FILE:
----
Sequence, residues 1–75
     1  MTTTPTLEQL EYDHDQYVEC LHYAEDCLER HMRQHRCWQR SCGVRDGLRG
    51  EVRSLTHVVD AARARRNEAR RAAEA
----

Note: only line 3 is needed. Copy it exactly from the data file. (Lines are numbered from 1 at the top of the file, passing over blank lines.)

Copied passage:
    51  EVRSLTHVVD AARARRNEAR RAAEA